Indonesia signs moratorium on new permits for logging, palm oil concessions


After five-and-a-half months of delay due to political infighting, Indonesian President Susilo Bambang Yudhoyono finally signed a two-year moratorium on the granting of new permits to clear rainforests and peatlands, reports Reuters.

indonesian rainforest

After five-and-a-half months of delay due to lobbying and political debate, Indonesian President Susilo Bambang Yudhoyono finally signed a two-year moratorium on the granting of new permits to clear rainforests and peatlands, reports Reuters.

But details of the moratorium, which was a condition under Indonesia’s billion dollar forest conservation partnership with Norway and was supposed to be signed January 1, won’t be released until Friday, leaving it unclear what types of forest will be protected from logging and conversion to plantations. The moratorium will certainly include primary forests, but natural forests that have high conservation value and carbon stocks may still be left on the chopping block.

Deforestation in Kalimantan and Sumatra
Deforestation in Kalimantan and Sumatra

The oil palm, logging, and pulp and paper sectors have lobbied intensely to define the moratorium as narrowly as possible, while some environmentalists have sought to set a bar based on the carbon storage of a forest, a target that would include both primary and secondary forests. Either way, some observers say the moratorium will have little impact in practice because millions of hectares of forests and peatlands are already concessioned. For example, analysis of concession data by WWF-Indonesia found that pulp and paper companies in Sumatra’s Riau Province alone control a 1.2 million hectares of forest that would be exempt from the moratorium. Converting this area of forest to wood-pulp plantations would generate hundreds of millions in greenhouse gas emissions, while putting endangered species like Sumatran orangutans, tigers, and elephants at greater risk.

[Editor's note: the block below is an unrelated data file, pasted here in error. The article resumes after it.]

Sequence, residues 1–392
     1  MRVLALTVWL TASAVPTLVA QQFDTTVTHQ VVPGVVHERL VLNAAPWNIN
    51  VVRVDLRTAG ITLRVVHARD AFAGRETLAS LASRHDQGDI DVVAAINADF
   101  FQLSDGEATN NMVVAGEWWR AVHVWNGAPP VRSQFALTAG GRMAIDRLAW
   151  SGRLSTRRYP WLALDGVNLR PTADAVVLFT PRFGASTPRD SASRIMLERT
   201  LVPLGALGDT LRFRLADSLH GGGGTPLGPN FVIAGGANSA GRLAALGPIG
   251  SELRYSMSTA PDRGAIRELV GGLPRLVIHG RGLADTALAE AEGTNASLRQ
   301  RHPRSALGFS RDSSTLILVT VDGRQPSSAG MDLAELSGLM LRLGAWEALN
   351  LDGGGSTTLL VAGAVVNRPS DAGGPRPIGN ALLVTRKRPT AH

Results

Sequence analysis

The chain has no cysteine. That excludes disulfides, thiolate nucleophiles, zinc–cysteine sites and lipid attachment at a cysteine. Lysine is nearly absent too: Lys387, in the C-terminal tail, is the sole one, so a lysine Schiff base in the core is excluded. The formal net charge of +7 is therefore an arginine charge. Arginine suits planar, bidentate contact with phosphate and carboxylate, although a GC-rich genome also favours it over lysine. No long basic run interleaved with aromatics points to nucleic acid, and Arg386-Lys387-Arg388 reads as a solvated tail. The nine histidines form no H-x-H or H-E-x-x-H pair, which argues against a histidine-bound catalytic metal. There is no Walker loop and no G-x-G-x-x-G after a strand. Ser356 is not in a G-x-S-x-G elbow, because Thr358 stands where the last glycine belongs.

Nevertheless the moratorium is seen as an important step toward Indonesia meeting its commitment of reducing carbon dioxide emissions by at least 26 percent from a projected 2020 baseline. Indonesia is presently the third largest greenhouse gas emitter after China and the United States due primarily to degradation of peatlands and deforestation.

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